The number of Australian’s living to 100 (or more) has significantly increased in the last 50 years. But compared to populations in the ‘Blue Zones’, we still have a long way to go!
People living in the five places commonly identified as ‘Blue Zones’ have been noted to live longer and experience less chronic disease than the rest of us. But why is this so? Research tells us that there are four daily habits that all five populations in the Blue Zones share – and these could just be the true ‘secret’ to longer life. So what are they? And can they work for you too? In this article we take a look at the four daily habits the longest living people on earth share – and give you some quick tips to help you easily implement them into your own life.
Where are the Blue Zones?
The term ‘Blue Zones’ was first coined by Dan Buettner in an article for National Geographic in 2005. It followed on from earlier research conducted by Gianni Pes and Michael Poulain who identified five longevity hot spots. They are:
- Okinawa, Japan
- Sardinia, Italy
- Nicoya, Costa Rica
- Ikaria, Greece
- Loma Linda, California.
Why do people there live longer?
While your lifespan is influenced by a range of factors (such as genetics and susceptibility to disease) it’s clear that lifestyle choices play a key role. Those living in the Blue Zones share key lifestyle habits which although seem deceptively simple in isolation, together, they are powerful. Below, we look at each of the four habits more closely.
1. Eat plenty of plant-based foods
It’s no secret that eating a healthy diet is good for you. But with so many different opinions and fads, it can be difficult to identify exactly what a healthy diet is! Those in the Blue Zones keep it pretty simple, enjoying a diet that includes mostly plant-based foods such as vegetable, grains, legumes and seeds. They eat little in the way of processed foods and consume less dairy and meat than most other populations.
Tip: Next time you do your grocery shop, notice what’s in your trolley. Is there lots of fruit, veggies and grains? Or is it a little heavy on the cans, jars, boxes and other packaged food? If you think there’s room for improvement, try swapping out things one meal at a time. Dust off your cookbooks (or jump online) and find some healthy recipe inspiration. Whether you opt for a meat-free day, or just choose a recipe that includes plenty of plant-based ingredients, you’ll feel better and might just live longer.
2. Daily exercise and an active lifestyle
Exercise is another obvious healthy habit. But staying active doesn’t have to mean attending a class or forcing yourself to go the gym. The people in the Blue Zone opt for a more balanced and gentle approach. Many of their daily activities are movement-based such as walking, gardening or working on their farm. It is thought that because these activities are low-impact and part of their routine, they are easier to sustain.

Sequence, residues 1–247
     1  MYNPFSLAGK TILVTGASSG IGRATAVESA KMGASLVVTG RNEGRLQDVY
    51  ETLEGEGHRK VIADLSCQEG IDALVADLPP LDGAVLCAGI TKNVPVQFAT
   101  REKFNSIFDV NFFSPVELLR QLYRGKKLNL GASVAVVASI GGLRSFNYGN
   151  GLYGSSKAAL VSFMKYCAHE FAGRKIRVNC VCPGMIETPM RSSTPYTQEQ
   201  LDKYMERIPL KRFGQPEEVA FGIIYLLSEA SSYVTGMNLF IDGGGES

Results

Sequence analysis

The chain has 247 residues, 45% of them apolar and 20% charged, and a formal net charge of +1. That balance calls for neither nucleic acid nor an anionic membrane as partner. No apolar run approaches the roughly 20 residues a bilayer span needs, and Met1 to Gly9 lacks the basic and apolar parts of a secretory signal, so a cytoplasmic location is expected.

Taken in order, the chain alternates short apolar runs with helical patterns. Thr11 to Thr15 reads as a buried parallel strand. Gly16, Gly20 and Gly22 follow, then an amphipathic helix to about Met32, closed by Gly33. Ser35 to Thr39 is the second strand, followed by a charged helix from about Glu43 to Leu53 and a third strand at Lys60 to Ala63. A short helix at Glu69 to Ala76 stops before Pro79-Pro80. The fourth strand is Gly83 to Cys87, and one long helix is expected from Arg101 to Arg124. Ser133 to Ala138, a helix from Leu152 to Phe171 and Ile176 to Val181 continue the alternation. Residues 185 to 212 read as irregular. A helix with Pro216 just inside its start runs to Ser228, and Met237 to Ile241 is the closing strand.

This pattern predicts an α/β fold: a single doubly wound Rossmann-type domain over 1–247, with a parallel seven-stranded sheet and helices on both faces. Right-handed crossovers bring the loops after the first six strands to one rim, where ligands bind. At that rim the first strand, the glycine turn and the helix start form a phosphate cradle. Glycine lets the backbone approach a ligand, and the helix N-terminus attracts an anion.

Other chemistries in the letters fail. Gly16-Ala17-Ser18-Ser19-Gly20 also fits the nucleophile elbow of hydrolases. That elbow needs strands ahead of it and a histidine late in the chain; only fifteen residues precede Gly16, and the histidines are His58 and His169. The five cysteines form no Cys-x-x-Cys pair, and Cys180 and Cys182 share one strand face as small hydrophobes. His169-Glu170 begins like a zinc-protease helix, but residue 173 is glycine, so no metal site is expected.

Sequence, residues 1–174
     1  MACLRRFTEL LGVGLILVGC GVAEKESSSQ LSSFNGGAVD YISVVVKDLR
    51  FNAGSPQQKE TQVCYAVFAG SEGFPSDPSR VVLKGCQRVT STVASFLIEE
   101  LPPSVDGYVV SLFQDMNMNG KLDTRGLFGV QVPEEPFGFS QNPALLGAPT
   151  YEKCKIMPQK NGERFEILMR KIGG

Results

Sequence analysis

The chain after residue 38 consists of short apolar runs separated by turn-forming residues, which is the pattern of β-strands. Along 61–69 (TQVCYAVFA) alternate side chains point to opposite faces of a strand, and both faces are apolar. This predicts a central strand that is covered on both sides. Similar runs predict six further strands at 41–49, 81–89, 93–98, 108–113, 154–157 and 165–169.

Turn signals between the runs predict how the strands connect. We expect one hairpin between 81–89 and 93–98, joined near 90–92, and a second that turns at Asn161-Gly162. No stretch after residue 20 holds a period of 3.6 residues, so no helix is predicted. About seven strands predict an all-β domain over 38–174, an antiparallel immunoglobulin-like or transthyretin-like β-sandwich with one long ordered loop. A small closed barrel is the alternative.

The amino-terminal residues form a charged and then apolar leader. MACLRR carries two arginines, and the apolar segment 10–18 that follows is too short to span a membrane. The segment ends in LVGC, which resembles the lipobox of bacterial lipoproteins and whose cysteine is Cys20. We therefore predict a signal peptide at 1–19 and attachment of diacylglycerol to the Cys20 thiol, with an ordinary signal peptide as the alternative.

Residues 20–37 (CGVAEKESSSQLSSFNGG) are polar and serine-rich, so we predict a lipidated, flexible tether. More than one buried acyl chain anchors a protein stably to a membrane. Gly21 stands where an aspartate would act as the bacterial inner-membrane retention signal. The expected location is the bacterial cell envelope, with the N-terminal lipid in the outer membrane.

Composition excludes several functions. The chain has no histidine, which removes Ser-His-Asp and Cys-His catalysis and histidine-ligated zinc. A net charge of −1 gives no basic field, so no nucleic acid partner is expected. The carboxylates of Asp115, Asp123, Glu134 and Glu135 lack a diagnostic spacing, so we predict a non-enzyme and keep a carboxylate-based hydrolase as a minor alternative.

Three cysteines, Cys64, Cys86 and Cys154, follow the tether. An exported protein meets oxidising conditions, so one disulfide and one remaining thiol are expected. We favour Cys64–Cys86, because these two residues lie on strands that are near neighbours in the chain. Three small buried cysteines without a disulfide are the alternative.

Tip: Experts generally agree that 30 minutes (or more) of activity a day is ideal. If you struggle to maintain an exercise regime, why not re-frame how you look at it? When you include household chores, gardening, walking (whether it’s around the block, at the shops, or on the golf course), or the many other incidental activities that require you to be active, your 30 minutes a day suddenly becomes achievable.
3. Maintaining a connection to community
While eating well and staying active are hardly surprising additions to this list, when it comes to your health, the importance of strong social networks is something a little less obvious. When you feel supported and connected to people in your family, friends and wider community it’s great for your sense of wellbeing and your longevity. You’re less likely to experience stress and loneliness, which have both been linked to ill health and chronic disease.
Tip: Retirees are at a higher risk of isolation and loneliness once their working days are done, so maintain connections as a priority. Organise regular catch ups with family and friends, or if they’re not local, call them. Aim to make new connections too, by joining a club, group or volunteer organisation. The effort is well worth it, both in the short and longer term.
4. Having a clear sense of purpose
Another common factor is having a strong sense of purpose – in other words, something that gets you excited to get up in the morning. A great example of this is ‘ikigai’ in the Okinawa region in Japan. It translates roughly to ‘that which makes one’s life worth living’ and the concept is now gaining traction in the West, with a number of recent books published on the subject. Rediscovering a sense of purpose after work is something that many retirees struggle with and it’s important to spend some time exploring your hobbies, passions and interests to discover something that sparks your interest. Finding your purpose provides motivation to get up and enjoy each day, as well as being beneficial for your health.
Tip: It can be difficult to find a spark after so many years of focusing on work and raising a family. But don’t despair – your calling is out there! It may be a long-lost hobby, or something new. It could be gardening, painting, writing, volunteering… the possibilities are endless. Explore what’s out there and keep looking until you find it. Because a purpose in life makes a massive difference.
Simple, Effective and Achievable
While the above four habits are hardly a ‘secret’ the people in the Blue Zone are living proof of what adopting these daily habits can achieve. So if the prospect of living a longer, healthier and happier life appeals to you, look for ways to adopt these four habits into your daily life today!
Over to You
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